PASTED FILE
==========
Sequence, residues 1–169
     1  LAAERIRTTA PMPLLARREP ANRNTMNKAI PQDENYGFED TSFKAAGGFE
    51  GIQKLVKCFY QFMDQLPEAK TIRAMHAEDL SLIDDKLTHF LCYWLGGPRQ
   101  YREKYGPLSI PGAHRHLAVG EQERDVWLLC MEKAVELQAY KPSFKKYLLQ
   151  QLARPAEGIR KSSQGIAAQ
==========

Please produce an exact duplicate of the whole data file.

Sequence, residues 1–169
     1  LAAERIRTTA PMPLLARREP ANRNTMNKAI PQDENYGFED TSFKAAGGFE
    51  GIQKLVKCFY QFMDQLPEAK TIRAMHAEDL SLIDDKLTHF LCYWLGGPRQ
   101  YREKYGPLSI PGAHRHLAVG EQERDVWLLC MEKAVELQAY KPSFKKYLLQ
   151  QLARPAEGIR KSSQGIAAQ